20 minutes at the East TN TNGIC Meeting

Sep 6, 2018 | Open Source GIS, postgis, QGIS, Tennessee

I went through a year or so of not talking at conferences. For local ones I’d show up and do something. I taught a workshop at FOSS4GNA 2018. I did a workshop at FOSS4G 2017 in Boston (and it sorta sucked).  I need to get out of that mode and talk more – but I’m happier being quiet these days and working with clients.

Anyway – at FOSS4GNA 2018 I discovered something – the OSGEO Suite had disappeared from Boundless’s Website and was replaced with a github repository. It wasn’t long after Don Meltz put up an excellent explanation of the OSGEO Suite. The OSGEO Suite being gone isn’t a problem. It does increase the amount of talking I have to do spend explaining it’s not a problem. I could even compile the suite – but my clients can’t. They are smart people – but the time to compile the boundless suite won’t be happening.

One of the things I keep running into is the idea of an Open Source Server. The OSGEO Suite was well known and I get people asking “Hey – can you set us up a geo server”. They mean the opengeo suite. I then launch into an explanation of what makes up a “geo server” and they go a bit blank and answer me “Yeah – one of those”.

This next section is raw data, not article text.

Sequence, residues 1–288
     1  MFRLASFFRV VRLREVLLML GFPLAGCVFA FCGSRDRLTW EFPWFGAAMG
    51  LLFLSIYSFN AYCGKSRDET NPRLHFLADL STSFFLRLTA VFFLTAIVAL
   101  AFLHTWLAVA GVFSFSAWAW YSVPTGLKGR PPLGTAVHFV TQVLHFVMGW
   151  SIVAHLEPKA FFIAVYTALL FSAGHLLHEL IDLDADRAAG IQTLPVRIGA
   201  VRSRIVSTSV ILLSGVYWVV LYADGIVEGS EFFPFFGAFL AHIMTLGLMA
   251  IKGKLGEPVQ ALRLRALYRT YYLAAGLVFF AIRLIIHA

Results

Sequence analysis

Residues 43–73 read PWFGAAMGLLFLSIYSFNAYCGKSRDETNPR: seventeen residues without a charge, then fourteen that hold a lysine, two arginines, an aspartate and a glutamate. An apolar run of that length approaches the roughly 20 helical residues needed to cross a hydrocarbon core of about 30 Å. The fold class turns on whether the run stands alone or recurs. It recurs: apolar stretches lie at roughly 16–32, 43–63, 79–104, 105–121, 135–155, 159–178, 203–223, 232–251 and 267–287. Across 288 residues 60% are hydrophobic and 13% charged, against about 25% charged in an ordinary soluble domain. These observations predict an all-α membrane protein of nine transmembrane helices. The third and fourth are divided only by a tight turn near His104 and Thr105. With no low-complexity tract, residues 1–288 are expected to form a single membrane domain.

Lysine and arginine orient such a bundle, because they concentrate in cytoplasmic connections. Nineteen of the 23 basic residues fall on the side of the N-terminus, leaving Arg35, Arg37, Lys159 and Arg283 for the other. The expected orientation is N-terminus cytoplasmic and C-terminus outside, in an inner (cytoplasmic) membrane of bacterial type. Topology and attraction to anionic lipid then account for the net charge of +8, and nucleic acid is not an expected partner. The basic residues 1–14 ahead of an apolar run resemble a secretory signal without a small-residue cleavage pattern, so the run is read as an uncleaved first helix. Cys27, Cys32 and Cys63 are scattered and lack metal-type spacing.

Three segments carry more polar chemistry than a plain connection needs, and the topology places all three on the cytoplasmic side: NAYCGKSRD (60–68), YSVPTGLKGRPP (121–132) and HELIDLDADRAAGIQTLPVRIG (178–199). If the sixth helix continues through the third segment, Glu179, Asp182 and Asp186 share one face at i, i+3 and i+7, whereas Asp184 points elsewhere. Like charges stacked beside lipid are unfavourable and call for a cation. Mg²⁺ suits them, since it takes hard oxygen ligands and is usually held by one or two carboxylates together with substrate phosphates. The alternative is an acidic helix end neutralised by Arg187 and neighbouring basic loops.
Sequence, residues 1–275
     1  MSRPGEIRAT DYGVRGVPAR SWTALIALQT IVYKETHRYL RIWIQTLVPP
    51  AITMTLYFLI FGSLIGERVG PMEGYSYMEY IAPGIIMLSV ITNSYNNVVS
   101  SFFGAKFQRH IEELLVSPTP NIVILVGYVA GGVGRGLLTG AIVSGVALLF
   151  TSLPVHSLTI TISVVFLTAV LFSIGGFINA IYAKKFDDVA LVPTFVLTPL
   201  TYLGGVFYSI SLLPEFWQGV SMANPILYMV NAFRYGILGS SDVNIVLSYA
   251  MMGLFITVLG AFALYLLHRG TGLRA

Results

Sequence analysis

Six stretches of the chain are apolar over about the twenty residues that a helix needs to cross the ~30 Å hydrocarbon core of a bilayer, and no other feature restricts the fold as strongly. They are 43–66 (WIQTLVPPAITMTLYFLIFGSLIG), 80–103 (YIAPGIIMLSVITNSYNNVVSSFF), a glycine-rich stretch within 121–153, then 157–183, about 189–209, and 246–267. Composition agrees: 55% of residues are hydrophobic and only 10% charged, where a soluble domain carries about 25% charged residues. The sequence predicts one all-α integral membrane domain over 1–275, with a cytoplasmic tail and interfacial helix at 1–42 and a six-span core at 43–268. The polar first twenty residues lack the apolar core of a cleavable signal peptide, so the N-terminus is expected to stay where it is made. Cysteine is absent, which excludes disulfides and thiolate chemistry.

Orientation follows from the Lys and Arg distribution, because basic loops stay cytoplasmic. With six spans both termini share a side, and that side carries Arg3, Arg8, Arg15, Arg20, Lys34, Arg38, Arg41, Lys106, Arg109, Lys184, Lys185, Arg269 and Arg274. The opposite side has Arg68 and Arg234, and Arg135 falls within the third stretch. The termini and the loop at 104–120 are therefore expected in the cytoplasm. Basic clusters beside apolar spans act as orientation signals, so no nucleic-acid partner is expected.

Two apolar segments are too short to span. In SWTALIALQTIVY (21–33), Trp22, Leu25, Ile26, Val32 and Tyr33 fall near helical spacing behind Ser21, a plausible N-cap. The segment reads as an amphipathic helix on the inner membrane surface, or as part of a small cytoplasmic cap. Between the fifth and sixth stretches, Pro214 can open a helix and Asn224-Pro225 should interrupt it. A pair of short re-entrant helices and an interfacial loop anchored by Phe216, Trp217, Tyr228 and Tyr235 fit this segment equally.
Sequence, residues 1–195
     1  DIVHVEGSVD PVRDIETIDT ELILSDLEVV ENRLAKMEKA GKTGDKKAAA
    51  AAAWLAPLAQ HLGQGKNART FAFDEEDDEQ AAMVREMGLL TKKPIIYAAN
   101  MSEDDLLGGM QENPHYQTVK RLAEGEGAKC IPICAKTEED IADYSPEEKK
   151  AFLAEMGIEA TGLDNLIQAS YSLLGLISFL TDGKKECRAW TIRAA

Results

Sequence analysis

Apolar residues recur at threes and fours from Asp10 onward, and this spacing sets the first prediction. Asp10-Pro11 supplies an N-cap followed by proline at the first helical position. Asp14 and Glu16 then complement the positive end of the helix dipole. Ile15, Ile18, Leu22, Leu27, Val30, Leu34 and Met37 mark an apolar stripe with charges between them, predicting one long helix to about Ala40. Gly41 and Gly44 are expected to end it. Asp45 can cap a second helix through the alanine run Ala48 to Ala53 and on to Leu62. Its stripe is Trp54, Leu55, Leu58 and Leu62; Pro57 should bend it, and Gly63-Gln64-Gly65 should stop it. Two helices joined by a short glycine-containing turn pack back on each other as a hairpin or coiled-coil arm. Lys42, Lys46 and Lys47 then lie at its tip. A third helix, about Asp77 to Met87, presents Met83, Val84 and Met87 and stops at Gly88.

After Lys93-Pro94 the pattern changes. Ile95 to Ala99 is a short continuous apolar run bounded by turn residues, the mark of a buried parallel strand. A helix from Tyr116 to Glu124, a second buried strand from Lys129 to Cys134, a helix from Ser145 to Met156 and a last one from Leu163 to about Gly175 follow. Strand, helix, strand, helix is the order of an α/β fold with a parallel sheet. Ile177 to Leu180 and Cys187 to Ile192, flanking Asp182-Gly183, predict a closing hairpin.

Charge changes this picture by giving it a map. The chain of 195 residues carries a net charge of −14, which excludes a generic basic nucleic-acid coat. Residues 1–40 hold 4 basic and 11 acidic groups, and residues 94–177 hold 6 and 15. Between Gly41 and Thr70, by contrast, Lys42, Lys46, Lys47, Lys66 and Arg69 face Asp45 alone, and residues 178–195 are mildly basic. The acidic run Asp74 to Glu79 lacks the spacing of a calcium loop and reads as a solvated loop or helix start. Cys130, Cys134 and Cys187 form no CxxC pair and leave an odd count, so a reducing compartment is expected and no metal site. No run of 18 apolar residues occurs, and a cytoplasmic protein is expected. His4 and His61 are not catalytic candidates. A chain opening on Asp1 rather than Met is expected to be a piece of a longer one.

So for the next bit I’m gonna be doing something like this:

I want to explain how this works to people. We’ve gotten a bit deaf by hearing “ArcServer” at every conference in TN as this one monolithic thing you have to install to make a web map…which really don’t need since AGOL appeared but…you want SDE and it’s not called that and you have two people editing but you need SQl Server but you don’t….

Anyway,  QGIS/PostgreSQL/PostGIS I’ve installed multiple times and as of late I’m experimenting with geoserver and what it can/can’t do. I have no grand delusions of creating ‘Randy’s Open Geo Spatial Super Duper Server’.  I want to get to the point where maybe mapserver is an option in this. So much to learn…so little time.

I suck at github – but I’ve been more active as I try to develop a skill set and get over the angst of pushing and pulling things. I’ve built a vagrant box to install PostGIS/PostgreSQL/Geoserver so I can have something to point at plus it gives me a starting point for an upcoming class I’m in the middle of building. The vagrant box isn’t pretty – I expect to change it over the next bit as it’s mostly pieced together from a lot of other people’s work (Coleman McCormick, Dave Smith, etc). It works though and I have everything but pgadmin 4 running in one spot. Which – I don’t think this is anywhere near “install this for a server” because this is mostly just for talking, training, and testing.

So why vagrant? Why not docker? I can gloss over vagrant faster at theses talks than I can docker.  I have 16 minutes to draw diagrams and about 4 minutes to publish one piece of data: QGIS -> PostGIS -> Geoserver -> Leaflet.

Anyway – if you’re up for the possibility of a train wreck of a presentation come by the East Tennessee Meeting in Kingsport next week as I try to explain how this works and hopefully you get excited enough to install some or all of these components and do something cool with your data.

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